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Members beginning with the letter 'E'

Harry Ely, 1923 - 2012

Tribute to Harry Ely - from his funeral

Harry's family are very keen that this service should be a celebrationof his life, because as he said himself only very  recently he had a good life.   And considering he began theatening to 'hand in his dinner plate', at least 30 years ago, to go on and reach the good old age of 88 is indeed a cause for celebration.

Harry's life started at Tidworth, in army quarters, on 27th September 1923., the only son to Albert William Ely and Annie Gertrude Snoad.    Harry had two sisters, one older. Gwen, and a younge sister Margaret with whom Harry remained very close until her death on 2000.   When his father retired from the army after 21 years service, they moved to Selwyn Green in Walton and Harry made Walton his home for the rest of his life.

At the age of 16, Harry, then a plumber's mate, was working on the lead work of some cupolas on a building in Ripley.   At such a vantage point, he was able to have eye-to-eye contact with a German bomber who just offloaded his destructive cargo on whar was then Vickers at Brooklands.   From tha tmoment he was determined to join up.  He trained as a signsl operator, spending a good deal of time in Loughborough and various other places before setting off on a boat to Africa.    He spent his 18th birthday in the desert.

The war had an enormus impact on Harry.   He mixed with 'bods' from all walks of life, and it was durnig this time that he became a staunch atheist, started his love of opera in Italy, of couse, and became interested in philosophy;  he described an evening spent in an army tent in Italy, with 2 QCs among the servicemen, as being like a session in the Houses of Parliament.   It was at this time too when he formed his life-lasting socialist views, and, perhaps most importantly,discovered the value of deep friendships.   He never forgot George who died of TB for instance, and yet he can only have known him for a relatively short time.   Later he had long friendships with Tony Bashford, John Ayling and Hary Bradshaw, to name but a few.    The war years were Harry's formative years. Such a young age, but what a way to get his 'life education'.    With Mary's help, he produced 'Station H' - his wartime memoirs, and Mary has printed copies for anyone who might wish to take ne away with them today.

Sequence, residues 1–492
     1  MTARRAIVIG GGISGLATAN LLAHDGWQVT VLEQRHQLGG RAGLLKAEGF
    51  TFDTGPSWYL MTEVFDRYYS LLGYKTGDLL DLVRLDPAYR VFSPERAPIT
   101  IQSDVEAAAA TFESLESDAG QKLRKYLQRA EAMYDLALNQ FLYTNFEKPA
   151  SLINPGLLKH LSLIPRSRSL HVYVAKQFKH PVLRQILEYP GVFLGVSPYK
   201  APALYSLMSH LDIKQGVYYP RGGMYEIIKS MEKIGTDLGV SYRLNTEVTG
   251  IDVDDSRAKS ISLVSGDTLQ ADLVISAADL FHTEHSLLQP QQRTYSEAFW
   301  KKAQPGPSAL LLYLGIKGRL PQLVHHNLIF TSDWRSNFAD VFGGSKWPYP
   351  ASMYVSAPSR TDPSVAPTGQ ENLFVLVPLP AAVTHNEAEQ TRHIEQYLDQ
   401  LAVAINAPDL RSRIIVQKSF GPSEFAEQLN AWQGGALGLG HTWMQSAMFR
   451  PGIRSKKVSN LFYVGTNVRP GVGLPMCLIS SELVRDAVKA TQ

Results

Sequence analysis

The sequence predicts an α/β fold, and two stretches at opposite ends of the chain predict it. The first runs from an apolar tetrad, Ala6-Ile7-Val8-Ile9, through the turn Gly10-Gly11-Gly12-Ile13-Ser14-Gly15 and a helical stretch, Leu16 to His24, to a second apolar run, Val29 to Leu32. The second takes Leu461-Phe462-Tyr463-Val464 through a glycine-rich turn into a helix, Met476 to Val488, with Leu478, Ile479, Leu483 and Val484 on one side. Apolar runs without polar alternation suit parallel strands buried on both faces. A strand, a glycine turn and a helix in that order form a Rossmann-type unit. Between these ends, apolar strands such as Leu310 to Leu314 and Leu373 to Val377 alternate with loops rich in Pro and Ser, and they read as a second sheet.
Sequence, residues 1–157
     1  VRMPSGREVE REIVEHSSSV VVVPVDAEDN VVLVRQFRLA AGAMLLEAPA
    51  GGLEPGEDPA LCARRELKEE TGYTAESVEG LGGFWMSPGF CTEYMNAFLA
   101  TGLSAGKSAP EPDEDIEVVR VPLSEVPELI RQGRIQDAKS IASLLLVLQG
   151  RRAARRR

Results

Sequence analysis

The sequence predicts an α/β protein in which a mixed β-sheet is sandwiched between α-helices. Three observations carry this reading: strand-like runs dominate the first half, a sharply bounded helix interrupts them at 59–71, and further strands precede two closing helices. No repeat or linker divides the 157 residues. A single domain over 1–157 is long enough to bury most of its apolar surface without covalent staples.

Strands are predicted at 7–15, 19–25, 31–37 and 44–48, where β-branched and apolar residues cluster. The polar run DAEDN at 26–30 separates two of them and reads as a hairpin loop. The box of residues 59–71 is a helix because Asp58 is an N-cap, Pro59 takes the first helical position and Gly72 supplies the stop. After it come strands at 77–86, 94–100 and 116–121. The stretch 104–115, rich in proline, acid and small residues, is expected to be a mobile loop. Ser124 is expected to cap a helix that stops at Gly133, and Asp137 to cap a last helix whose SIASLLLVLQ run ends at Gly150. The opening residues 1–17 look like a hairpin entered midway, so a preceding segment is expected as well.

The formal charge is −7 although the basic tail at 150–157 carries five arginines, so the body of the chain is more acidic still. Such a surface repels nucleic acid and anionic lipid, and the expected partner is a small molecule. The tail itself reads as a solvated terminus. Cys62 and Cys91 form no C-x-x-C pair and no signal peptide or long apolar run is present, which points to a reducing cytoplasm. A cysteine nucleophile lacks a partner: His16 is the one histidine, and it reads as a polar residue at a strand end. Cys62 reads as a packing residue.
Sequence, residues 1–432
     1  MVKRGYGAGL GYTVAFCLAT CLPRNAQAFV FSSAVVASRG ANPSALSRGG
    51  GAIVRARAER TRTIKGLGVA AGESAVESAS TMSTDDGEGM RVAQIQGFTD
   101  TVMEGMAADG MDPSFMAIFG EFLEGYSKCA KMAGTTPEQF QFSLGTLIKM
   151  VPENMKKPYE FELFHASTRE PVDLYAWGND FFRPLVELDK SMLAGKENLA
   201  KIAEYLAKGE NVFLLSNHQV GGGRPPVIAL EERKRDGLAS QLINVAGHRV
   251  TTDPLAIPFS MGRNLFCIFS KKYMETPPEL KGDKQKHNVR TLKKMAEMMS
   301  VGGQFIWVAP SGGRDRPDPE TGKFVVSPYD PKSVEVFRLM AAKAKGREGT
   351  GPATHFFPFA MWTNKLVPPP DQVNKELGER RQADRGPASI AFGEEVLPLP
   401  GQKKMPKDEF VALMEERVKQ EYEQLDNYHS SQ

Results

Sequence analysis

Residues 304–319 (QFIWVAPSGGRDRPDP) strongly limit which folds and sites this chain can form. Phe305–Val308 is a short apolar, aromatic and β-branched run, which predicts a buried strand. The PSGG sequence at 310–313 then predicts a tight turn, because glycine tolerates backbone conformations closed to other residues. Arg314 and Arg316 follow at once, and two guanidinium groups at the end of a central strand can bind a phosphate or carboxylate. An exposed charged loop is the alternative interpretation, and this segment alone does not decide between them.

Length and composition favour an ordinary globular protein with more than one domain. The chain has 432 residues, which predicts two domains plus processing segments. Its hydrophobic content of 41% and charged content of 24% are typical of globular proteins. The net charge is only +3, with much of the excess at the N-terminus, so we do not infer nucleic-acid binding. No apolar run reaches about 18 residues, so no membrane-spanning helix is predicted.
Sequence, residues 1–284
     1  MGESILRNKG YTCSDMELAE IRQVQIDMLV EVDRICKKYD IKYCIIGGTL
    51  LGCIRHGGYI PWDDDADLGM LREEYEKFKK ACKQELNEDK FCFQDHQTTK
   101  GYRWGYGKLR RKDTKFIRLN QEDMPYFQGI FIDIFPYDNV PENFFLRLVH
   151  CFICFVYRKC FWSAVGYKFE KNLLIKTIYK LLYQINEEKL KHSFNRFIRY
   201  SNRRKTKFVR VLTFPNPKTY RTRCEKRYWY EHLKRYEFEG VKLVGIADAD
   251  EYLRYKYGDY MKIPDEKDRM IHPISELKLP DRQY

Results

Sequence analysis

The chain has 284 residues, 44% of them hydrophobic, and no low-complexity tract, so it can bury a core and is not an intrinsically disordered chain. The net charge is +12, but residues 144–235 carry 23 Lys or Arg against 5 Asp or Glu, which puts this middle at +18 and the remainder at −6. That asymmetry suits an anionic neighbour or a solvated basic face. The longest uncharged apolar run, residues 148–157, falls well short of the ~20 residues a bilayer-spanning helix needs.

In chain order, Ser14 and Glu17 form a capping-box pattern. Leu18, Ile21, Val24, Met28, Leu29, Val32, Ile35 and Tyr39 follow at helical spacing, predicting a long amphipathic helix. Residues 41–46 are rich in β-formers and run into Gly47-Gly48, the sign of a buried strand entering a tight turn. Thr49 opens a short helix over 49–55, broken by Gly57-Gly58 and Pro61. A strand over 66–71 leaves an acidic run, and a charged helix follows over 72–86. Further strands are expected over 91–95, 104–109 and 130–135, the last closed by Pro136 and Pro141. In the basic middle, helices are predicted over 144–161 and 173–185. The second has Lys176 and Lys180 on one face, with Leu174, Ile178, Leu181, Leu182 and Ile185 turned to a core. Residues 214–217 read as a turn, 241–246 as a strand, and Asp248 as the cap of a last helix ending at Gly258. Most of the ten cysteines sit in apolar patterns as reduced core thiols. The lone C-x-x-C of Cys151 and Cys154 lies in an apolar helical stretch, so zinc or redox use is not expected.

After the war, when he was finally demobbed, he returned to work as a plumber but later became an insurance agent for the Wesleyan & General.   He was proud that, despite the limitations his lack of formal education presented, he finally became Manager of the Kingston Branch, a source of pride for Harry who realised the limitatons his lack of formal education cost him, but who capitalized on the life education his time in the army had given him.   He resumed his sporting interests too, most notably at Brampton GardenTennis Club in Hersham, where he was captain.   He met Honor, 8 years his junior, a beauty, with an eye-catching forehand, which complimented Harry's backhand as it turned out, and the romance blossomed, with the sound of Harry's Sunbeam motorbike increasingly punctuating the sleepy peacefulnessvof Whiteley Village where Honor worked.   They married in March 1954 and made their home first in a flat in Walton High Street and then to 4 Sassoon Cottages - possibly the second greatest love of Harry's life after Honor and his family.   Harry lived ther until he moved into Sutton Lodge 15 months ago.    

While Honor lovingly raised thier four children, John, Jane, Susan and Mary, Harry provided for them by supplementing his family's needs growing copioius amounts of vegetables on his allotment in Churchfields.  What Honor couldn't do with rhubarb isn't worth mentioning and Harry's shallots have spawned future generations of shallots in many households.   His allotment was a passion which stayed with him even after Honor's sudden passing in 1987.    It provided him with another source of friendship and camaraderie.

Harry always took a back seat to Honor on parenting until she was gone.   He the took up her life's work and has been an endlessly supportive and loving dad, often worrying when his family assured him there was no reason.  His reply was always, 'never tell a worrier not to worry' - one of his signature phrases.    He was ever proud, often grateful, and always interested in what was going on in their lives.  Harry's grandchildren were a source of pleasure to him - Gemma, Scott, Rory, James and Daniel, and though his health was failing, he wa sable to give his great-grand-daughter, Isla, a hug too.

Harry's immediate and extended family is so grateful to have had such a loving and supportive father to them all.      They would like to thank all Harry's friends and acquaintances for enriching his life,   The visitors' book at Sutton Lodge bears testament to the love and friendship Harry inspired.   Apart from the countless visits from his family, regular visitors too were Rosemary, Steve, Ray, Gordon and Brenda, Edie and Loiuse.   His newest friends, the staff at Sutton Lodge, have been amazing, and the family's very special thanks go to them, and especially those of them who are with us today.   Honor once said that Harry was spoiled by women all his life.and that continued to the very end.   At Sutton Lodge he was much loved and wonderfully cared for, and the staff there managed to improve his life, even when he had become ill and needed so much care.   Harry's family wish to thank them not only for the care they gave Harry, but for the care and friendship they extended to them also.

Harry's family 2012

Harry was a contemporary of Shorty Keeble 

Mike Moore 2014